While, for the moment, strict quarantine measures remain in place across much of Europe there may be less imperative for governments to rip up the best practice rulebook to intrude on citizens’ privacy, given the majority of people are locked down at home. But the looming question is what happens when restrictions on daily life are lifted?

Contacts tracing — as a way to offer a chance for interventions that can break any new infection chains — is being touted as a key component of preventing a second wave of coronavirus infections by some, with examples such as Singapore’s TraceTogether app being eyed up by regional lawmakers.

Singapore does appear to have had some success in keeping a second wave of infections from turning into a major outbreak, via an aggressive testing and contacts-tracing regime. But what a small island city-state with a population of less than 6M can do vs a trading bloc of 27 different nations whose collective population exceeds 500M doesn’t necessarily seem immediately comparable.

Europe isn’t going to have a single coronavirus tracing app. It’s already got a patchwork. Hence the people behind PEPP-PT offering a set of “standards, technology, and services” to countries and developers to plug into to get a standardized COVID-19 contacts-tracing approach up and running across the bloc.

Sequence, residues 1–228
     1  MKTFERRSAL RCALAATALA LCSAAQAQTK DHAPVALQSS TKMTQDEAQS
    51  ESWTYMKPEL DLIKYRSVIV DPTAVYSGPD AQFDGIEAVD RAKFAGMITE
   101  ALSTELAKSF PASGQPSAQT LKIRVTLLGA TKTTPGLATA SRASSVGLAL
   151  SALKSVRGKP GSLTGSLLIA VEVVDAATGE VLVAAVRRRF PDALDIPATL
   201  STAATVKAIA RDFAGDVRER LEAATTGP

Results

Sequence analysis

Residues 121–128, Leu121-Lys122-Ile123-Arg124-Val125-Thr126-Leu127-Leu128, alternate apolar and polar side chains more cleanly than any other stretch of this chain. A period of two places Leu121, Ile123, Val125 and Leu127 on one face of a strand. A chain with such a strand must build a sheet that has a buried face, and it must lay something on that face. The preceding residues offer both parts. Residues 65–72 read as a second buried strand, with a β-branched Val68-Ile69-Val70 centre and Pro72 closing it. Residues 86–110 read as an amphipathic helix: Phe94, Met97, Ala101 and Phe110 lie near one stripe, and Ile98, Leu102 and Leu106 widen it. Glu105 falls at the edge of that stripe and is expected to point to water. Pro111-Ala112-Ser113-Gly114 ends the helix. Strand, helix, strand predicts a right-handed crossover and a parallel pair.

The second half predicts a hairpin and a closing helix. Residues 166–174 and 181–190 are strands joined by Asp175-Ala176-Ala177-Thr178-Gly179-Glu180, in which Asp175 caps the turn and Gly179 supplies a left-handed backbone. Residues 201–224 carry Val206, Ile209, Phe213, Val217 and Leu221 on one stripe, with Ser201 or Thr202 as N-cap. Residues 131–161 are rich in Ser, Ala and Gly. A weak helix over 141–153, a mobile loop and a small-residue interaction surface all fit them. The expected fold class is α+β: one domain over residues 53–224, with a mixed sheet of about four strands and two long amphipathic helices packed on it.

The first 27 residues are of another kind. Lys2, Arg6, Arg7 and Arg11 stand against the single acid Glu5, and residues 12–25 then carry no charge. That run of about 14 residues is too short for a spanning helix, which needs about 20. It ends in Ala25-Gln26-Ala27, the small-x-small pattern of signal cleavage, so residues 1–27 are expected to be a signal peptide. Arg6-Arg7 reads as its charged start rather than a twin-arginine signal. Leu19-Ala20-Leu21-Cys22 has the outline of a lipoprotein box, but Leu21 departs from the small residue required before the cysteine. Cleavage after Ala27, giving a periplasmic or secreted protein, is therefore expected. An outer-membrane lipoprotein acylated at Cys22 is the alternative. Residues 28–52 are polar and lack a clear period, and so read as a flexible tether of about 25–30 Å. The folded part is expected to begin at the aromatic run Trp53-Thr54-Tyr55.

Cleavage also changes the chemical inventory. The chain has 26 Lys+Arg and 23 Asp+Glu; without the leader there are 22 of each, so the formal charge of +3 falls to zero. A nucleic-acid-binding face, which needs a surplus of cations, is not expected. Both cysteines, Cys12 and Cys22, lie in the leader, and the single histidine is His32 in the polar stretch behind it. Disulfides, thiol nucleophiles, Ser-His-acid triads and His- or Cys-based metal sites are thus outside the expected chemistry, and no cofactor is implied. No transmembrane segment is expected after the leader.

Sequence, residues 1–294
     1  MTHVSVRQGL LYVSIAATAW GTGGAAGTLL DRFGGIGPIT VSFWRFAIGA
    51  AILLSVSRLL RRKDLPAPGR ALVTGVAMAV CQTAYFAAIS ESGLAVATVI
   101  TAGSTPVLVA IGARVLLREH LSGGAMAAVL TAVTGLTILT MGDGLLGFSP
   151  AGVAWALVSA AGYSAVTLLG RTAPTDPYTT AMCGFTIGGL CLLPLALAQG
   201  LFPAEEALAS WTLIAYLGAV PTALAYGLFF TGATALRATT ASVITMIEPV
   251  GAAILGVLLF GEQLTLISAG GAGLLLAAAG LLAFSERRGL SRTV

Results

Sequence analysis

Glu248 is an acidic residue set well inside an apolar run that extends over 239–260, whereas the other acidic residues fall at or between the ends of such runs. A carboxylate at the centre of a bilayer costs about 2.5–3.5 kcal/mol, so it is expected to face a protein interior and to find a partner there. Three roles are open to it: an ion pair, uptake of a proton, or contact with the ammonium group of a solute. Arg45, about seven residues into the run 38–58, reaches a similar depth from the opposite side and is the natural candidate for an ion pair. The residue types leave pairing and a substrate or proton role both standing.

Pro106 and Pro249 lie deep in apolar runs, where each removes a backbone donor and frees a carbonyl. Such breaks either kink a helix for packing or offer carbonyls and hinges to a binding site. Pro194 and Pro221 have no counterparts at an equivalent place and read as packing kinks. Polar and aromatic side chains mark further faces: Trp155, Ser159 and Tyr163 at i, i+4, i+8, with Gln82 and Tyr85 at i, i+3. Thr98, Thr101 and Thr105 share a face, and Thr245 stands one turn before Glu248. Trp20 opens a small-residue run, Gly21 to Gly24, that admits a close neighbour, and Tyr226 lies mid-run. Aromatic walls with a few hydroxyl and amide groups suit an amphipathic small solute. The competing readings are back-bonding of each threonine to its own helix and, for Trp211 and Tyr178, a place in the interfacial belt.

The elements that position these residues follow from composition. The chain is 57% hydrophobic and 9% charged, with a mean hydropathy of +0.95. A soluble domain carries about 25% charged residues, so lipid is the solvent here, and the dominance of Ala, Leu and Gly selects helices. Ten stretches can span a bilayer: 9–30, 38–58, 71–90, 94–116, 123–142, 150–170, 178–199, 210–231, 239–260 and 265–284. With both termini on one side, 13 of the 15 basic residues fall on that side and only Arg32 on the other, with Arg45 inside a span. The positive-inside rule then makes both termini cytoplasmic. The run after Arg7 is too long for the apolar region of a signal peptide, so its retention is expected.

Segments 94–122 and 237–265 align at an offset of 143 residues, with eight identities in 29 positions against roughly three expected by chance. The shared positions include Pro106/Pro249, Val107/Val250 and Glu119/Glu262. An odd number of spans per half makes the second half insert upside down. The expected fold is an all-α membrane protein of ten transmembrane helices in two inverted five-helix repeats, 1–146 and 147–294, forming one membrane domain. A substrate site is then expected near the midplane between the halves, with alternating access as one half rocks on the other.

The other very European flavored piece here is privacy — and privacy law. “Enforcement of data protection, anonymization, GDPR [the EU’s General Data Protection Regulation] compliance, and security” are baked in, is the top-line claim.

“PEPP-PR was explicitly created to adhere to strong European privacy and data protection laws and principles,” the group writes in an online manifesto. “The idea is to make the technology available to as many countries, managers of infectious disease responses, and developers as quickly and as easily as possible.

“The technical mechanisms and standards provided by PEPP-PT fully protect privacy and leverage the possibilities and features of digital technology to maximize speed and real-time capability of any national pandemic response.”

Hans-Christian Boos, one of the project’s co-initiators — and the founder of an AI company called Arago –discussed the initiative with German newspaper Der Spiegel, telling it: “We collect no location data, no movement profiles, no contact information and no identifiable features of the end devices.”

The newspaper reports PEPP-PT’s approach means apps aligning to this standard would generate only temporary IDs — to avoid individuals being identified. Two or more smartphones running an app that uses the tech and has Bluetooth enabled when they come into proximity would exchange their respective IDs — saving them locally on the device in an encrypted form, according to the report.